Chatham gun permit requests rise ‘10-fold’ in pandemic


PITTSBORO — The Chatham County Sheriff’s Office has been juggling a prodigious influx of gun permit requests since the novel coronavirus pandemic’s onset in March.

In the months since March, total requests increased 314% from the same time period in 2019. At the start of the pandemic especially, permit requests surged.

“(We had) a 10-fold spike in the number of applications in a single month,” Sheriff Mike Roberson said. It “was unprecedented for our office.”

In June alone, the Sheriff’s Office fielded 392 gun permit requests, compared to 31 in June 2019. That amounts to a 1,165% increase. The first six months of 2019 saw just 343 requests total.

The Sheriff’s Office remains surprised by the sudden spike; it may never identify what precipitated the barrage of requests.

“Permit applicants are not asked why they are seeking a permit,” Roberson said, “so we do not know the reasons for the increase.”

Still, the sheriff has some theories.

“One possibility is that residents delayed requesting permits or taking unnecessary trips — including to the Sheriff’s Office — during the height of the pandemic,” Roberson said. “Once some restrictions were lifted and folks began venturing out to conduct more business, we saw a surge in the number of applications. It is possible that the ‘spike’ in applications was simply temporary congestion that we will see level out in the future.”

Recent development of an online gun permit request portal may also have facilitated an uptick in requests from Chatham County residents who had struggled with the tedious former process.

“Another possibility is that more people are applying now because we have made efforts to streamline the process in recent months,” Roberson said. “To enhance accessibility and convenience during the pandemic, we are now allowing residents to apply online and request that their permit be mailed to them. This limits public traffic into the Sheriff’s Office and has been a popular choice for applicants.”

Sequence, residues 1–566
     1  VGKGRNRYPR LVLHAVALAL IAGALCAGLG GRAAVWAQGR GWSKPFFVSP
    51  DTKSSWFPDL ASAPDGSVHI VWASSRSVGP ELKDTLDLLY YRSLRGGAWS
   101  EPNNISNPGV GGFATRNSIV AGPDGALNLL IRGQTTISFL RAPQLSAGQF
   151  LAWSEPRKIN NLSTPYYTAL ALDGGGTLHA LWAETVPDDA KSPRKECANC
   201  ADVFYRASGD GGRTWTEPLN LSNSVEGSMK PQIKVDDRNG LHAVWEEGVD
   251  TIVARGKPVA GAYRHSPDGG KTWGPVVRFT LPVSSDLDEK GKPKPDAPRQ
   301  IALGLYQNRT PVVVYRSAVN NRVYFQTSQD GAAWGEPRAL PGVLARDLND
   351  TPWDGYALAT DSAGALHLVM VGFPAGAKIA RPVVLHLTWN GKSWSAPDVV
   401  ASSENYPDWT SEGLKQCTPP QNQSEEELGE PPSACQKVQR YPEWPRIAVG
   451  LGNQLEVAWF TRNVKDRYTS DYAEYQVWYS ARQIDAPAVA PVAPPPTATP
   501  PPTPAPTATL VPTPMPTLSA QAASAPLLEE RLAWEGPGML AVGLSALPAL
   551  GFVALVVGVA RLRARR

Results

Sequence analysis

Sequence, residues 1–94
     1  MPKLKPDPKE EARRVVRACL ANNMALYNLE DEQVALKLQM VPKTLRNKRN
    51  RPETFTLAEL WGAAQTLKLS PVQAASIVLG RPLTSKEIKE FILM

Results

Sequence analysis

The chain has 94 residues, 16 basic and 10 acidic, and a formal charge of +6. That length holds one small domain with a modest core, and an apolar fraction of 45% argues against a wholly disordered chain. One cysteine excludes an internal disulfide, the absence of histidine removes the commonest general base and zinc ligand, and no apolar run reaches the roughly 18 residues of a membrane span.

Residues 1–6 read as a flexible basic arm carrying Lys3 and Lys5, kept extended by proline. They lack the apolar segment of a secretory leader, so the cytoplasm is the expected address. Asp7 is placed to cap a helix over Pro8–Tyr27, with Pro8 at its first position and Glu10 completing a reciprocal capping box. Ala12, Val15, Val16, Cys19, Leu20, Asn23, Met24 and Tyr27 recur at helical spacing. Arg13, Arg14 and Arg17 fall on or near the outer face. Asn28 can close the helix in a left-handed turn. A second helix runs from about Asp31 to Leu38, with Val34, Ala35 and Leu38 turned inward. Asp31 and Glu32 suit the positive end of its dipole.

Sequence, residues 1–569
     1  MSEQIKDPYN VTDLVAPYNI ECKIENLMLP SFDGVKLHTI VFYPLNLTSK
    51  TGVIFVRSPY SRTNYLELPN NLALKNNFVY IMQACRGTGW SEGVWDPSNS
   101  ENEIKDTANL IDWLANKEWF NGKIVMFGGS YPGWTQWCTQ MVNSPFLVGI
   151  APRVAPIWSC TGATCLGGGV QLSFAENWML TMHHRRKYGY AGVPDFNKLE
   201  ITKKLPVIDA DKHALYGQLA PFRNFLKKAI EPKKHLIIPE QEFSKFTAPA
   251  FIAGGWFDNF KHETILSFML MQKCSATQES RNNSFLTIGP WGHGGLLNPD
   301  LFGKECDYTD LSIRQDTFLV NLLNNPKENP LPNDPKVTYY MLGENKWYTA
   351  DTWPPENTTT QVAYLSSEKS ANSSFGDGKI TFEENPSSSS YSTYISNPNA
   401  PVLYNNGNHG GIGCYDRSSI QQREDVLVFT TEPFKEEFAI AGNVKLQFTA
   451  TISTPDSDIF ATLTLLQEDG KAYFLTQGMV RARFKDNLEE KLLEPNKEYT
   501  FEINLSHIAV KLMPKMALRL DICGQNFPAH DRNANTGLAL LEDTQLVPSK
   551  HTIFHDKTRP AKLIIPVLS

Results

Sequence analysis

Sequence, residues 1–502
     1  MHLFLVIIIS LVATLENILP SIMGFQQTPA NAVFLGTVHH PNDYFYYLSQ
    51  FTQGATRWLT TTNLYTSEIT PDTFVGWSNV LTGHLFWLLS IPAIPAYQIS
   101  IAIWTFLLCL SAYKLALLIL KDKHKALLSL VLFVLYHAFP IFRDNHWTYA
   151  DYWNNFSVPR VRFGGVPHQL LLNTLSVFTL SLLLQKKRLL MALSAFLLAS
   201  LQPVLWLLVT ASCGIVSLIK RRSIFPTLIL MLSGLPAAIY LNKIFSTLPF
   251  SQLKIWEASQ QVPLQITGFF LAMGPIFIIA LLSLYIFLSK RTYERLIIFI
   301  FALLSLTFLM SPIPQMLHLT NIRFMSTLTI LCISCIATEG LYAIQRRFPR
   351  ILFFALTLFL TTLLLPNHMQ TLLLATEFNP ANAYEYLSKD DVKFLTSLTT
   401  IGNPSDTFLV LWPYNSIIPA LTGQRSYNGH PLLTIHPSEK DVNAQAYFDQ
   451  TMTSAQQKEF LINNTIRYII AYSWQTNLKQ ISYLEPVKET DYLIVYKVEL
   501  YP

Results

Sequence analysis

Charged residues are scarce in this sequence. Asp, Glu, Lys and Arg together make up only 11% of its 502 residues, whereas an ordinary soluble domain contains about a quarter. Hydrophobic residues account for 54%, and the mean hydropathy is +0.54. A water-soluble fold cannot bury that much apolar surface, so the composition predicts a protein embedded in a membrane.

Data from the first quarter of 2020 — the most recent available figures — indicate most of the hundreds of unprecedented gun permit requests have been approved.

“It appears we only denied one application in the first quarter of 2020,” said Lt. Sara Pack, the Chatham County Sheriff’s Office public information officer. That equals a 0.35% denial rate.

“For all of 2019,” she said, “we denied 10 applications and issued 669 permits, so that was around a 1.5% denial rate.”

Despite the infrequent denials, Roberson maintains his office is astute in vetting candidates.

“I can say that our staff members follow statute N.C. G.S. 14-404 very closely when determining whether or not to issue a permit,” he said.

The “grounds for refusal” statute requires a sheriff satisfy three general criteria in reviewing applications for gun permits. They must:

• Verify “by a criminal history background investigation that it is not a violation of State or federal law for the applicant to purchase, transfer, receive, or possess a handgun.”

• Be fully satisfied “as to the good moral character of the applicant.”

• Be fully satisfied “that the applicant desires the possession of the weapon mentioned for (i) the protection of the home, business, person, family or property, (ii) target shooting, (iii) collecting, or (iv) hunting.

Rarely does Roberson feel an applicant fails to meet those requirements.

“The majority of applicants seem to be law-abiding citizens,” he said.

But the demand for permits has burdened the sheriff’s staff. To address the issue, office workers have been re-appropriated from other departments to review permit requests.

“We have essentially doubled the number of staff members assigned to permit processing,” Roberson said. “We have temporarily reassigned a sworn staff member to assist and have also received part-time help from a civilian employee loaned to us by the county. We also utilize officers who are injured or on light-duty by allowing them to help process permits until they are recovered and cleared to return to full-duty in their usual assignment.”

The sheriff is pleased with his team’s diligence in rising to the unexpected challenge. A combination of fortuitous circumstances and hard work has permitted the staff to process applications within the state-mandated timeframe, he said.

“A similar spike in more densely-populated counties could quickly overwhelm or even cripple an agency’s ability to respond to requests in a timely manner as required by law,” Roberson said. “Our focused response has required a lot of teamwork and dedication from our staff, and I am immensely proud of the hard work they are putting into meeting the changing needs and expectations of our residents.”





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